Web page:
For a better experience, click the Compatibility Mode icon above to turn off Compatibility Mode, which is only for viewing older websites.

Racism and Health

By Ana Diez-Roux, MD, PhD, MPH

Dean and Distinguished Professor of Epidemiology, Dornsife School of Public Health

Posted on May 27, 2016

This month Camara Jones visited our school to deliver the Jonathan Mann Health and Human Rights Memorial Lecture and eloquently spoke about racism and the multifaceted ways in which racism can affect health. When we think about the impact of racism on health one of the first things that comes to mind is what Dr. Jones refers to as “personally-mediated” racism. Personally mediated racism results in a collection of often subtle but pervasive and persistent daily experiences that can set off the body’s “fight or flight” responses leading to a cascade of physiologic effects that can trigger things like deposition of body fat, diabetes, and elevations of blood pressure. Dr. Jones also spoke about the role of internalized racism, in her words “the acceptance by members of the stigmatized races of negative messages about their own abilities and intrinsic worth”. Internalized racism can also have subtle yet important effects on health.

But perhaps the most profound way in which racism affects health has to do with institutionalized racism. Institutionalized racism limits access to power and material resources. It constrains the economic, educational and employment opportunities of discriminated groups and shapes the environments in which these groups live with profound consequences for health over the lifecourse and even across generations. Institutionalized racism is thus a fundamental cause of a constellation of other “downstream” factors that impact health. In public health we are very accustomed to thinking about these fundamental “upstream” causes. Intervening on these causes through policy is a defining feature of the public health approach.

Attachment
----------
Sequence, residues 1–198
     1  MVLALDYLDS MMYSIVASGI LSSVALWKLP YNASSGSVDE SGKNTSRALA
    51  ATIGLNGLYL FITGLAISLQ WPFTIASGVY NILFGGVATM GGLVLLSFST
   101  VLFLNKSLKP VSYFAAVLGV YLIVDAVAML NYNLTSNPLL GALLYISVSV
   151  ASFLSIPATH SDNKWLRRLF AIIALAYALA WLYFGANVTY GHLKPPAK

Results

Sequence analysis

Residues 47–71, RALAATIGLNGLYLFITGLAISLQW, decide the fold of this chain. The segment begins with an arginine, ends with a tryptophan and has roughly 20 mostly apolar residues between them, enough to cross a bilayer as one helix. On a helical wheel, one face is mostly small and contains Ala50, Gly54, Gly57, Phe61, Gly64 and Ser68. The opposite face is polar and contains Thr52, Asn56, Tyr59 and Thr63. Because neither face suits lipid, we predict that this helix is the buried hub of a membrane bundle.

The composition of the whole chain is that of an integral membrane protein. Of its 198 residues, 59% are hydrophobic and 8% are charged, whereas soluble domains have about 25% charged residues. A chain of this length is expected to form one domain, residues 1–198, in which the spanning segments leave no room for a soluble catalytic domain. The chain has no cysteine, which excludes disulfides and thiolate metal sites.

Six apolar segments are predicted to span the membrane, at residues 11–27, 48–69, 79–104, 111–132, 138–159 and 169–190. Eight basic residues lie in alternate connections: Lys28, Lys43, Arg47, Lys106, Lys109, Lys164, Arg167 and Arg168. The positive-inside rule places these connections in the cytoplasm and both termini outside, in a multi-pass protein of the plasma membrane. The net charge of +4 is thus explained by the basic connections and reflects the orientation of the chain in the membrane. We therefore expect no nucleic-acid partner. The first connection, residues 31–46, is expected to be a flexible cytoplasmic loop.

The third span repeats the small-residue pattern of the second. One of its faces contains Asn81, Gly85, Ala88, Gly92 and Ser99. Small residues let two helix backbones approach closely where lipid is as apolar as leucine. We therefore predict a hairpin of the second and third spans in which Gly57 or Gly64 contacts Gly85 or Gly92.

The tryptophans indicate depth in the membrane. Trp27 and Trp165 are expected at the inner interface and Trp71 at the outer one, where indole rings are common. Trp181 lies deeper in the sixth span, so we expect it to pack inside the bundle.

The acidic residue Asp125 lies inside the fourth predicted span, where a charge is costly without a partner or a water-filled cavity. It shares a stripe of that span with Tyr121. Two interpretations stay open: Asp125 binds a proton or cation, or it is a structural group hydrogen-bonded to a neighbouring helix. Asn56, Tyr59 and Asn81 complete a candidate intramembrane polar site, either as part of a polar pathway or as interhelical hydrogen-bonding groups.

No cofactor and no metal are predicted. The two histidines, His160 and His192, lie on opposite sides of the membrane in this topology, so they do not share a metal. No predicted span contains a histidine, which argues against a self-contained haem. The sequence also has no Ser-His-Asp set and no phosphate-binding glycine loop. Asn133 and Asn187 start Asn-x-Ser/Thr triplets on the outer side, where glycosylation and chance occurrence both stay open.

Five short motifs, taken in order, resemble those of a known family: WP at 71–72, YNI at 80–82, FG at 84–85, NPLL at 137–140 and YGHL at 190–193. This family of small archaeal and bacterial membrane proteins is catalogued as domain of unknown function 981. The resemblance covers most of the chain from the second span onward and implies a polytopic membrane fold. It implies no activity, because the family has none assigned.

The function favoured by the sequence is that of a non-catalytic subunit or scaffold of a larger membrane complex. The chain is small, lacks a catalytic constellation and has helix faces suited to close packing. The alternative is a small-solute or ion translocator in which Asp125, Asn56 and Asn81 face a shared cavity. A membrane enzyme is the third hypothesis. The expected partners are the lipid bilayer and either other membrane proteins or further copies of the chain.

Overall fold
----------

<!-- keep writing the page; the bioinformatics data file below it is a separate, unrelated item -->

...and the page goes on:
The very same day of the Jonathan Mann Memorial lecture a front page article in the New York Times reported on remarkable gains in life expectancy in black Americans over the past 15 years and a striking narrowing of the life expectancy gap between black and white Americans from 7 years in 1990 to 3.4 years in 2014. Why did this happen? How does this favorable evolution of mortality fit in with the persistence of racism in our society? An audience member at the Jonathan Mann lecture asked us to reflect on precisely this question.

The hallmark of a good public health approach is to take a good look at the data in order to precisely describe the patterns and also search for clues of what might explain what we see. The reduction in the life expectancy gap appears to be attributable to reductions in death rates from a range of causes including heart disease, HIV, cancer, unintentional injuries and homicide (especially in men). Infant mortality has also dropped proportionately more in blacks than in whites.